Biden's $1.9T stimulus bill expands social safety net at unprecedented level
The bill contains billions of taxpayer dollars for the expansion of government programs related to rent, utilities, food, and taxes.
The Facts Inside Our Reporter’s Notebook
President Biden and the Democrats' $1.9 trillion coronavirus stimulus bill, the second largest rescue package in U.S. history, expands the social safety net in the U.S. at an unprecedented level.
To start, the bill includes the largest direct stimulus payments ever provided in legislation at $1,400 per adult who filed tax returns with a Social Security number. The amount of the rebate begins to phase out for individuals earning $80,000 per year and above.
The bill also expands the Earned Income Tax Credit and Child Tax Credit to the largest amount on record. According to the House Ways and Means Committee, the stimulus bill increases the Child Tax Credit amount to $3,000 per child and $3,600 for children under age six. Taxpayers will have the option to receive the credit in advance through monthly payments. The bill increases the maximum Earned Income Tax Credit in 2021 from $543 to $1,502.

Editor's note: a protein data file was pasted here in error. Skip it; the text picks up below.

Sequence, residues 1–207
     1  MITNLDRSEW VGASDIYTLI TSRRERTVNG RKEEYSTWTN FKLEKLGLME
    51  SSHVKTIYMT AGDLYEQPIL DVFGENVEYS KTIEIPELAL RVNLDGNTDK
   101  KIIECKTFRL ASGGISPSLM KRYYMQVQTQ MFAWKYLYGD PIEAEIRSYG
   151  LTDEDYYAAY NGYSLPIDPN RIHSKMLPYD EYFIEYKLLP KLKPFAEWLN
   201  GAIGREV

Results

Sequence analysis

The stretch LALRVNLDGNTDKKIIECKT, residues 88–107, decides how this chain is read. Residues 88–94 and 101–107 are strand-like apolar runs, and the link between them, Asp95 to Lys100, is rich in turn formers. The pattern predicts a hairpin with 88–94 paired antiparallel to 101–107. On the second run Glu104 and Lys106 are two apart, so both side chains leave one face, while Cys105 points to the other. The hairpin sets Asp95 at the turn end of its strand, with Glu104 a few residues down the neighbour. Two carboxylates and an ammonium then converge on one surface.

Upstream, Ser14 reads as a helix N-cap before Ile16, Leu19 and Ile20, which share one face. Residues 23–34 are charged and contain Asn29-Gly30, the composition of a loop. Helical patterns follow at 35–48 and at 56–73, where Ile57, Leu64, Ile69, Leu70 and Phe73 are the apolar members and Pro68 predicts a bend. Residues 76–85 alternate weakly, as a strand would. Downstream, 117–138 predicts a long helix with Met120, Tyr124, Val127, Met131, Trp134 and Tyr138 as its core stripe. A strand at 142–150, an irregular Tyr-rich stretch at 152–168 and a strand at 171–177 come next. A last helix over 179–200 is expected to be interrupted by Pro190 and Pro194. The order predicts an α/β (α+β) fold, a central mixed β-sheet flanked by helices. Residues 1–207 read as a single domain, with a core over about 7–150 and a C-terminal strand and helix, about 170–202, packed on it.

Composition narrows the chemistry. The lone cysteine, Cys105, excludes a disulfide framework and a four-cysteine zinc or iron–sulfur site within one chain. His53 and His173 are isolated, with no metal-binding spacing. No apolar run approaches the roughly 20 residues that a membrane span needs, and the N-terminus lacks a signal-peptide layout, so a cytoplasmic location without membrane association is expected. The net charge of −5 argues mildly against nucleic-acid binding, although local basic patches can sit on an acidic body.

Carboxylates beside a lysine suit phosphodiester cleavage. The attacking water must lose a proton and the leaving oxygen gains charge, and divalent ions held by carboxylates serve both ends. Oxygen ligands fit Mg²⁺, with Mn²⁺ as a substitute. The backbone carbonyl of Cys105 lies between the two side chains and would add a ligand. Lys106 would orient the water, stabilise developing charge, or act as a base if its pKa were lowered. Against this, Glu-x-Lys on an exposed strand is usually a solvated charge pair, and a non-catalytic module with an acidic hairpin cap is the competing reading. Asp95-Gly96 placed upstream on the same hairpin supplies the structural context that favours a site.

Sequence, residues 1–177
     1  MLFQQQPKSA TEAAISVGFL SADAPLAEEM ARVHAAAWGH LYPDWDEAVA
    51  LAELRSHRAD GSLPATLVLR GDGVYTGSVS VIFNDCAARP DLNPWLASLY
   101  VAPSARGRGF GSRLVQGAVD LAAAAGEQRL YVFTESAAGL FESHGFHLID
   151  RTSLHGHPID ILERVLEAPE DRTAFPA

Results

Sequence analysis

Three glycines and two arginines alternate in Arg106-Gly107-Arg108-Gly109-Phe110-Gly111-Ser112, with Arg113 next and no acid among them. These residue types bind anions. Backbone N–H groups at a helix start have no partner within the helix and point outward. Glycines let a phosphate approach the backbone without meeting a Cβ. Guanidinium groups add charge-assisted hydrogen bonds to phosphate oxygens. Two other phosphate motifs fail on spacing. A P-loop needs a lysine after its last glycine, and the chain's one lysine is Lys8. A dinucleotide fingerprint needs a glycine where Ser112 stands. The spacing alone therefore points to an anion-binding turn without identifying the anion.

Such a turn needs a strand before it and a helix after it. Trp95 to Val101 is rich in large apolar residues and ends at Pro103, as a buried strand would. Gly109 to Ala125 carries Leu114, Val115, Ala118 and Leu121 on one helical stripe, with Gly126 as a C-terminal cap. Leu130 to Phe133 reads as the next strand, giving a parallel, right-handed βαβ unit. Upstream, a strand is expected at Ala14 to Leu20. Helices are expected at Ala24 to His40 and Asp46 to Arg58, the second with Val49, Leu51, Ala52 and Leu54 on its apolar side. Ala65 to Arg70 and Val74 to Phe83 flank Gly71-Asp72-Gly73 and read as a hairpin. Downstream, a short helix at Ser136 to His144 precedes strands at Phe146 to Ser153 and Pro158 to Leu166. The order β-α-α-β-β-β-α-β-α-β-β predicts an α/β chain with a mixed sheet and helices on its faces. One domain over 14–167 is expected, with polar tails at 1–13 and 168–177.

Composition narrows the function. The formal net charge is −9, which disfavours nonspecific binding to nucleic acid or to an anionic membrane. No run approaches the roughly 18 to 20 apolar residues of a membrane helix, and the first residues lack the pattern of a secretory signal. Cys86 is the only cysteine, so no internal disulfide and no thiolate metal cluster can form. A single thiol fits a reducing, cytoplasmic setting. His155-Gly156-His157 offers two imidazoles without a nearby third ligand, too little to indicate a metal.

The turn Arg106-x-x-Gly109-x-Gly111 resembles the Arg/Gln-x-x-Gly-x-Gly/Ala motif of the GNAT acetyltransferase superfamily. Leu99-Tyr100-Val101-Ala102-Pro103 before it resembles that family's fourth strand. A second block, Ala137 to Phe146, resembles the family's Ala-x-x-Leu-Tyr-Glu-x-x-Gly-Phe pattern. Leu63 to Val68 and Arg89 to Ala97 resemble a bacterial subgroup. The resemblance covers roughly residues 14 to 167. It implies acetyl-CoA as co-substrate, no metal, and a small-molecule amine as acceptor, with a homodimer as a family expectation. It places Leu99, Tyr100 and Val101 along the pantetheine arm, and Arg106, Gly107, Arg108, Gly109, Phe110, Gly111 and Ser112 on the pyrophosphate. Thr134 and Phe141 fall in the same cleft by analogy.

The bill continues the temporary weekly federal unemployment payments provided during the pandemic. The weekly federal benefit of $300 will be paid on top of state jobless benefits. Recipients will be able to receive a tax waiver on $10,200 of unemployment payments.
The legislation also includes an $86 billion bailout for union-managed multi-employer pension plans and single employer pension plans.
"WORKERS' PENSIONS SAVED," Democratic Ohio Sen. Sherrod Brown tweeted on Monday. "After years of advocacy by workers and retirees, the Senate finally passed a version of my Butch Lewis Act in the American Rescue Plan. Workers who spent their careers paying into their pensions will be able to retire with the dignity they earned."
The bill extends the employee retention credit through the end of this year. It also continues providing payroll tax credits for paid sick leave as well as paid family and medical leave through September 30.
Democrats used budget reconciliation to move the bill forward, meaning it only needed 51 votes in the Senate to pass. There are 50 Democratic senators plus Vice President Kamala Harris. Sen. Dan Sullivan, an Alaska Republican, ultimately missed the vote, so it passed 50-49. The Democratic-led House is scheduled to vote Tuesday on the stimulus bill.